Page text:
Shout out to Teacher Tom

Wonderful sponge glue!

Wonderful sponge glue!

 

I belong to  an online professional learning community of choice based art educators called TAB (teaching for artistic behavior).  We share our successes and challenges. We share cool ways of doing things in the art studio like putting a sponge in a plastic tub with  glue to facilitate gluing and not buying a zillion bottles of glue with tops that always clog!  We share cool books, websites, and blogs.  About a year ago Teacher Tom Hobson’s blog was suggested as a great teaching inspiration in our group. I started reading his daily posts and really enjoyed them.  Tom Hobson is a coop preschool teacher and I used to teach coop preschool and prethree. He is an artist as well as a teacher and writer and I relate to the way he’s organized his classroom to support open ended learning experiences that include lots of process art activities and choice.

 A month ago kids were arguing over who was going to paint which parts of the box. Thanks to Teacher Tom I was able to support students in solving this dilemma themselves.


A month ago kids were arguing over who was going to paint which parts of the box. Thanks to Teacher Tom I was able to support students in solving this dilemma themselves.

I believe however that the best things I’ve picked up from reading his blog posts have to do with how I handle problem situations between children and how I handle cleaning up the classroom.  Today was the perfect example of this.  I had set out a building toy called Straws and Connectors.  Several boys were making light sabers and pretending to be Jedi. One boy almost whacked another’s face.  I said, “Isaiah, I am really enjoying watching you and your friends’ imaginative play, but I’m worried that Daniel almost got hit. I’m wondering what we can do about this problem?”  Isaiah then showed me how he could use slow motion with his light saber and stay a safer distance away from Daniel.  Several other kids chimed in with possible solutions too and then began playing in those newer safer ways.  A few minutes later one of the boys began whining.  “I’m all by myself, I don’t have a team.” In the past I probably would have immediately jumped in and asked who would include this boy. On their own, several boys immediately offered to include him. Me observing, but allowing them to solve their problems really does work! (Of course I intervene if anything is truly unsafe!)

Play is an essential part of creative expression and leads to more formal artistic activities.

Play is an essential part of creative expression and leads to more formal artistic activities.

Later I announced it was five minutes until it would be time to clean up the art studio. All of the jedi swordsmen put down their light sabers and went to the tables where they could draw, collage, paint, etc…They became very productive artists.  First of all….in the past I would have discouraged  play which was not strictly building, especially play with sword fighting. Now of course I know how much imaginative play is such an important food source for artistic output. After four minutes I asked everyone to sign their names to their art and/or add a finishing touch to their pieces. When the five minutes was up I asked everyone to put down their markers, paintbrushes, etc…. and help clean up the classroom.  In the past that would have meant me doing 70% of the clean up and a few helpful kids doing the rest while most of the kids milled around and talked to their friends as if they were being helpful,  but did not clean up at all. Today other than handing out some wet paper towels for wiping down tables I did none of the clean up though I did offer some suggestions in terms of what needed to be taken care of.  It took the kids 20 minutes to clean up.  At first it was just those helpful kids. Then more and more joined in.  I did have three hold outs.  Two helped during the last minute of the time we cleaned and one who never did clean up anything. In fact they just kept on creating despite the fact that all of the materials were being removed from the tables and kids were wiping down tables, chairs, and some spilled water on the floor. When we got to removing the last marker from the table, the last boy working had a meltdown because his friends had removed all of the materials except for his drawing. I matter of factly restated that studio time was over and it was time to stop. He continued to pout, but no one paid him any attention.  Everyone lined up (except for him) to go have a snack and went to wash their hands. He sat on the floor and missed snack time. But that was his choice.  It wasn’t a punishment.  It was a consequence of not being willing to make a transition. Perhaps next time he’ll help clean up, and even have a snack. It will be interesting to see.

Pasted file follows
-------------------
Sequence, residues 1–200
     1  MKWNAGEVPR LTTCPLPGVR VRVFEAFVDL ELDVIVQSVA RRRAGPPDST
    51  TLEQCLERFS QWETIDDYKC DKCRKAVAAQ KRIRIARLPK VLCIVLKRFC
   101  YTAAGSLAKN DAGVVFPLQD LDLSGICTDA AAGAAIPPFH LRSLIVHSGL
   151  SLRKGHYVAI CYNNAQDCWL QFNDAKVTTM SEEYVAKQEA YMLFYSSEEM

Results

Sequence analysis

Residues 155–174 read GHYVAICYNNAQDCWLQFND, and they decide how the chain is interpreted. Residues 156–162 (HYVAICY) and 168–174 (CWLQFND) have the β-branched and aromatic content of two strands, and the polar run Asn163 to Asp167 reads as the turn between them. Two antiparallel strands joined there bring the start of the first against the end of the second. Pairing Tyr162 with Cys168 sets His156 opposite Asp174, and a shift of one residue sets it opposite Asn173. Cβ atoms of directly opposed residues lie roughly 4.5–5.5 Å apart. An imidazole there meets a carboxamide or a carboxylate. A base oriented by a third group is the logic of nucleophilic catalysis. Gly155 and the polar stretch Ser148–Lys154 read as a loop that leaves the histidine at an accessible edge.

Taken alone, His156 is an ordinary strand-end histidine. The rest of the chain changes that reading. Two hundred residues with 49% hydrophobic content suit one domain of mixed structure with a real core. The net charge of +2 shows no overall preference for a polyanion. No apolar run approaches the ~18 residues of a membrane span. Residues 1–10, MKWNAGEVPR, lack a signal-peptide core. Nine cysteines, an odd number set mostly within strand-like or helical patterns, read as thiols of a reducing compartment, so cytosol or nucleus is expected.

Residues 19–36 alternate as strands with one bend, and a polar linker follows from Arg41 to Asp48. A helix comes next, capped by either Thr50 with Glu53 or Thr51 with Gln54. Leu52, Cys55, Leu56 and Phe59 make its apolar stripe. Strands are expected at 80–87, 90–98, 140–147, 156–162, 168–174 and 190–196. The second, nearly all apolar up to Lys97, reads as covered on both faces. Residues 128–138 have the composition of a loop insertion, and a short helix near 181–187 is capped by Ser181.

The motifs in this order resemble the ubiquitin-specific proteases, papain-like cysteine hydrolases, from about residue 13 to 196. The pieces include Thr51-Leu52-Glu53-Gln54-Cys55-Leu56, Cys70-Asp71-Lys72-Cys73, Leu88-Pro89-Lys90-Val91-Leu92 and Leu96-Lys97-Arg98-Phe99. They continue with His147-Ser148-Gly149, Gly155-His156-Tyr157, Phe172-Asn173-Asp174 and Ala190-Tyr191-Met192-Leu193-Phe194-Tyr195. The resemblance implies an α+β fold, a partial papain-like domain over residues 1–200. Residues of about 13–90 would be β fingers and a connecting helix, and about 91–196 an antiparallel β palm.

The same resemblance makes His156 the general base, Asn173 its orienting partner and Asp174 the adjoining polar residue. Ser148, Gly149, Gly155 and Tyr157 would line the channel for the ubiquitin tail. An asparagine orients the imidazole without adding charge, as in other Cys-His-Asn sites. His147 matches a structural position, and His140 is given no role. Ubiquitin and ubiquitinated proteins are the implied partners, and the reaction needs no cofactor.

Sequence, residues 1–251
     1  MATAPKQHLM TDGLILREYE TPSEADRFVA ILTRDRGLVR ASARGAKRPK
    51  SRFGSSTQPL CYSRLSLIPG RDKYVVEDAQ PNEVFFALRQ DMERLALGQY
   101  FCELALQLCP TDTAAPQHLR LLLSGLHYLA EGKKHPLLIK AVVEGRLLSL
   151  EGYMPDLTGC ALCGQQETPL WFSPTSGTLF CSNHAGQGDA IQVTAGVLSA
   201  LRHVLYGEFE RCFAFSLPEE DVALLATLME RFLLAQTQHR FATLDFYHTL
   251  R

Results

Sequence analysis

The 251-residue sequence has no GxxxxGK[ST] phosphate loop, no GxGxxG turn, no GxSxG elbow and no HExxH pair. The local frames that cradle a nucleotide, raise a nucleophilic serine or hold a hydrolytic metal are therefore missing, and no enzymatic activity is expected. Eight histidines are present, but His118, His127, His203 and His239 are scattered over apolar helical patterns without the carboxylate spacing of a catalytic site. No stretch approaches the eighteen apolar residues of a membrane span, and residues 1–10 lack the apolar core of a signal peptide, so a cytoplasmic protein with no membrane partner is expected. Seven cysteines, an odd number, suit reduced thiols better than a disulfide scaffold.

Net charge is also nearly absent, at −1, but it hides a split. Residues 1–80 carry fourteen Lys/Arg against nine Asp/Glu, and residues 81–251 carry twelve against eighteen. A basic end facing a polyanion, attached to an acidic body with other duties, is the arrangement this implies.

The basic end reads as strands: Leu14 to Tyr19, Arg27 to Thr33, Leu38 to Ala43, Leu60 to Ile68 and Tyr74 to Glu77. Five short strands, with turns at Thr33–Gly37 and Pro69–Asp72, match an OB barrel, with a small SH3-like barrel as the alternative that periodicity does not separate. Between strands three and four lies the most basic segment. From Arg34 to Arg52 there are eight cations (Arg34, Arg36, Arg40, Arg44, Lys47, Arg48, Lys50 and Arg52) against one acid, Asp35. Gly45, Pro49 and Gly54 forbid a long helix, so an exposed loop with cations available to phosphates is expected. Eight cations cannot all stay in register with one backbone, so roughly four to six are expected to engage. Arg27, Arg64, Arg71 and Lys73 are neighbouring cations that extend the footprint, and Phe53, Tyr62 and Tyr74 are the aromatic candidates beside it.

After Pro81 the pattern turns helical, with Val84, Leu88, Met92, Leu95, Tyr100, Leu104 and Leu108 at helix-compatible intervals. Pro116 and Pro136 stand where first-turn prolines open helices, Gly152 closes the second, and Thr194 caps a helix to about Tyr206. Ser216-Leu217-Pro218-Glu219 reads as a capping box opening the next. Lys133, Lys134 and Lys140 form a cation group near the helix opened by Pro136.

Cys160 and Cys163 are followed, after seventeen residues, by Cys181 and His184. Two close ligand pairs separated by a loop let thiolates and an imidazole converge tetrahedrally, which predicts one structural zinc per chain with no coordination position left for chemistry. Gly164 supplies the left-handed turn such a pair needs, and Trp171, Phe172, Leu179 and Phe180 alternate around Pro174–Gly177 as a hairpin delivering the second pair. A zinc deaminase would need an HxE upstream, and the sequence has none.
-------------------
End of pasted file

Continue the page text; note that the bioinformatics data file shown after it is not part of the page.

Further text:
P1010867

Do I spy any clean up helpers?

The kids really enjoyed helping! They loved washing the tables and chairs.  They enjoyed putting the drawers of markers, colored pencils, and scissors back in my rolling cart. They washed all of the brushes and dumped out the dirty paint water without being asked. They put all of the play dough in the plastic tubs and they put all of the playdough tools away too.  Sadly…we didn’t get to have our gallery walk and sharing time because it took them 20 minutes.  But maybe next time more will start helping sooner and we will get done more quickly.  Or maybe I’ll just have to give the five minute warning 10 minutes sooner.

I was happier too! I didn’t feel as if I was having to do the majority of the clean up.  I was excited to see the kids actually enjoying cleaning up. The regular classroom teacher came in and wanted to help with the clean up.  I told her not to, because it’s the students’ responsibility.  She said, “Yeah!  I like that! I don’t mind not cleaning up their mess!”

And this new thinking about responsibility is also helping me out at home with my two teenaged sons and for that I’m definitely eternally grateful!

P1040142

Everything’s turning up daisies! (Yes….I know these are actually black eyed Susans!)

Thank you Teacher Tom!

Here are some links to the blog posts that really have transformed my teaching and parenting  :

http://teachertomsblog.blogspot.com/2013/03/learning-responsibility.html

http://teachertomsblog.blogspot.com/2013/04/i-wonder.html